4 Tips To Determine How Much Mortgage You Can Afford

Reblogger Mary Kay Irving
Real Estate Agent with Thompson Daviau Realty 100031480

If you are thinking about buying a home there are many factors to consider.  Mortgage rates are great and there is a wide variety of homes to choose from.  To start, it is essential to determine how much you can afford. Below you will find a thorough guide of questions to ask yourself written by Chip Plumley.

If you are looking to buy or sell in Boulder County Colorado call now to receive a free market snapshot of your neighborhood of interest.  Call  Mary Kay Irving at 720-217-6450 or visit www.TheIrvingTeam.com or www.BoulderCountyPropertyValues.com

 

Original content by Chip Plumley
By knowing how much mortgage you can handle, you can ensure that home ownership will fit in your budget.

Homeownership should make you feel safe and secure, and that includes financially. Be sure you can afford your home by calculating how much of a mortgage you can safely fit into your budget.

Instead of just taking out the biggest mortgage a lender qualifies you to borrow, consider how much you want to pay each month for housing based on your financial and personal goals.

Think ahead to major life events and consider how those might influence your budget. Do you want to return to school for an advanced degree? Will a new child add day care to your monthly expenses? Does a relative plan to eventually live with you and contribute to the mortgage?

Still not sure how much you can afford? You can use the same formulas that most lenders use, or try another of these traditional methods for estimating the amount of mortgage you can afford.
1. The general rule of mortgage affordability
As a rule of thumb, you can typically afford a home priced two to three times your gross income. If you earn $100,000, you can typically afford a home between $200,000 and $300,000.
To understand how that rule applies to your particular financial situation, prepare a family budget and list all the costs of homeownership, like property taxes, insurance, maintenance, utilities, and community association fees, if applicable, as well as costs specific to your family, such as day care costs.

2. Factor in your downpayment
How much money do you have for a downpayment? The higher your downpayment, the lower your monthly payments will be. If you put down at least 20% of the home's cost, you may not have to get private mortgage insurance, which costs hundreds each month. That leaves more money for your mortgage payment.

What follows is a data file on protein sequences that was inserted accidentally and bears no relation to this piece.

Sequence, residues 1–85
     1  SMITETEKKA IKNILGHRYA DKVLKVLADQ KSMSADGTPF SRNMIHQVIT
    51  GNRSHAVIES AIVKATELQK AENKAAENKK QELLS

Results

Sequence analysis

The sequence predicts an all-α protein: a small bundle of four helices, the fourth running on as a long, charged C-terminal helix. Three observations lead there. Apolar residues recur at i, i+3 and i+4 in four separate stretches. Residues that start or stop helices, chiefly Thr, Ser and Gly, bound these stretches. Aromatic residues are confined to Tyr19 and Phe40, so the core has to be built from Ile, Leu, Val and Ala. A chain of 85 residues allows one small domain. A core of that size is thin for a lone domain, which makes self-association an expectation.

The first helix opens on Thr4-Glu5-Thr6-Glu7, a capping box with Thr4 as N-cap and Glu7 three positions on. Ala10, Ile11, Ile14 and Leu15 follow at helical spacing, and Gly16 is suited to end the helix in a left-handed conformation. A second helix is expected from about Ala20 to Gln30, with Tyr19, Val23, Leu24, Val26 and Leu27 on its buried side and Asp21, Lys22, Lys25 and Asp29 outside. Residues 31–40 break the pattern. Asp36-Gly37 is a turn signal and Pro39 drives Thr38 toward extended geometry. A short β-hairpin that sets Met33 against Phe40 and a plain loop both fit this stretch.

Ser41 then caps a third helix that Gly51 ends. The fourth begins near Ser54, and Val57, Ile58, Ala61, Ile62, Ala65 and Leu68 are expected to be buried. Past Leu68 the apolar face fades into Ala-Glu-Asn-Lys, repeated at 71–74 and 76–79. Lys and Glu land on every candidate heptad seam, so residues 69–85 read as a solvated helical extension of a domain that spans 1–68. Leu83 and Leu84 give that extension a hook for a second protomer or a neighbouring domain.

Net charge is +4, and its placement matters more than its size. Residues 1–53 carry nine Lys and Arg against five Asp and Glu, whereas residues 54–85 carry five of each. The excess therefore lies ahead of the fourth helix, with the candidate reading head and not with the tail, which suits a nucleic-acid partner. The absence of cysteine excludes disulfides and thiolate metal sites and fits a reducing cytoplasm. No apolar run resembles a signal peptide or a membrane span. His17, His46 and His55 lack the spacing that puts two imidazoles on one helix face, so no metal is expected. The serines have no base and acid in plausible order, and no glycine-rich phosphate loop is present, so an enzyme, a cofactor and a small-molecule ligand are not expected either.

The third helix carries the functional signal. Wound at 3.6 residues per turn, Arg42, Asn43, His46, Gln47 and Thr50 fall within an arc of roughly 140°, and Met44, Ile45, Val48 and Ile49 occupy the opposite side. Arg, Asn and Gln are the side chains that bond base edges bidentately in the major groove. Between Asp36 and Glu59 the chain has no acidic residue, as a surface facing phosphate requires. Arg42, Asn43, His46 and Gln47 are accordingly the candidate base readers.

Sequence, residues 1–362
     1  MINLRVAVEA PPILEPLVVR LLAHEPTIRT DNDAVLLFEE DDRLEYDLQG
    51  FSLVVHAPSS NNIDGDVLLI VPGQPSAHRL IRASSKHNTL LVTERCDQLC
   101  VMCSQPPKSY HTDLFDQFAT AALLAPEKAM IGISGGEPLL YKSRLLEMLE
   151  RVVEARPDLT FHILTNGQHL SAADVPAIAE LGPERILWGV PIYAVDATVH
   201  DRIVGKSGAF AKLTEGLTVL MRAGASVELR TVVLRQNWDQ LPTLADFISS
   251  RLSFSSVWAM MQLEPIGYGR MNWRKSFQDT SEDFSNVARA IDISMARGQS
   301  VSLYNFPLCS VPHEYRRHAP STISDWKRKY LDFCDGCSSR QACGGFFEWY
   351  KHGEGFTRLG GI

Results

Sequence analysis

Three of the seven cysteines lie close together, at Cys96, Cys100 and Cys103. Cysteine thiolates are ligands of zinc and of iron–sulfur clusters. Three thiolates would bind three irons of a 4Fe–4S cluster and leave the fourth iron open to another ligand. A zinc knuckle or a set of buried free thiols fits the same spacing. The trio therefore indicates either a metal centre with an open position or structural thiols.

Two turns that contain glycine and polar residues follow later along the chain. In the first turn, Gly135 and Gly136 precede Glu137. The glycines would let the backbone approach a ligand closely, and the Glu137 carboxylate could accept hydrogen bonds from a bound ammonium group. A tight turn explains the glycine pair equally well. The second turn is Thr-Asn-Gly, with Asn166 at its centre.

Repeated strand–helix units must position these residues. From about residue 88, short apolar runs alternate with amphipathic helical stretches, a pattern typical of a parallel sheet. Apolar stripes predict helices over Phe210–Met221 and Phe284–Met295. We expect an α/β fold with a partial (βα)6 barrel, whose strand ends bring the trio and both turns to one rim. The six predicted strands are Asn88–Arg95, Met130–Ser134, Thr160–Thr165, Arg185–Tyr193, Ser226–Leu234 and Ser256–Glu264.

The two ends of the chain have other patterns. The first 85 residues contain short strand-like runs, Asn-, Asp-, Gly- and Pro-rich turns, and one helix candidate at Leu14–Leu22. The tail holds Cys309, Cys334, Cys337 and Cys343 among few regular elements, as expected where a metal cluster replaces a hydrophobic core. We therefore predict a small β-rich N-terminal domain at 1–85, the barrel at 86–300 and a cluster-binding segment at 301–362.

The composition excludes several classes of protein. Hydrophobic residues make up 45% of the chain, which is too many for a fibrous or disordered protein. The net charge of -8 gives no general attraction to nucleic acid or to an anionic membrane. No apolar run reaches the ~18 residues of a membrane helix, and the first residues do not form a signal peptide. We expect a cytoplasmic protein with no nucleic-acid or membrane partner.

The lower your downpayment, the higher the loan amount you'll need to qualify for and the higher your monthly mortgage payment.

3. Consider your overall debt
Lenders generally follow the 28/41 rule. Your monthly mortgage payments covering your home loan principal, interest, taxes, and insurance shouldn't total more than 28% of your gross annual income. Your overall monthly payments for your mortgage plus all your other bills, like car loans, utilities, and credit cards, shouldn't exceed 41% of your gross annual income.
Here's how that works. If your gross annual income is $100,000, multiply by 28% and then divide by 12 months to arrive at a monthly mortgage payment of $2,333 or less. Next, check the total of all your monthly bills including your potential mortgage and make sure they don't top 41%, or $3,416 in our example.
4. Use your rent as a mortgage guide
The tax benefits of homeownership generally allow you to afford a mortgage payment-including taxes and insurance-of about one-third more than your current rent payment without changing your lifestyle. So you can multiply your current rent by 1.33 to arrive at a rough estimate of a mortgage payment.
Here's an example. If you currently pay $1,500 per month in rent, you should be able to comfortably afford a $2,000 monthly mortgage payment after factoring in the tax benefits of homeownership.
However, if you're struggling to keep up with your rent, consider what amount would be comfortable and use that for the calcuation instead.
Also consider whether or not you'll itemize your deductions. If you take the standard deduction, you can't also deduct mortgage interest payments. Talking to a tax adviser, or using a tax software program to do a "what if" tax return, can help you see your tax situation more clearly.

Chip Plumley can be reached at (610) 444-9090 or (610) 357-8635. Prudential Fox & Roach is an independently owned and operated member of Prudential Real Estate Affiliates, Inc., a Prudential Financial company. Equal Housing Opportunity.

ChipPlumley.com

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Rainmaker
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Jeremy K. Frost
Keller Williams Realty

This is a great post. Thanks for sharing this with us!

August 25, 2010 09:39 AM
Rainer
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Tish Lloyd
Broker - Wilmington NC and Surrounding Beaches
BlueCoast Realty Corporation

Mary Kay:  This is an excellent post!  Thank you so much for sharing this information.  I expect you will have some re-bloggings!  Way to go!

August 25, 2010 09:46 AM
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Mary Kay Irving
Thompson Daviau Realty

Thanks guys....but credit goes to Chip Plumley as noted above who wrote the original....for some reason he did not want comments on his original so I suspect they will come here.

August 25, 2010 10:23 AM
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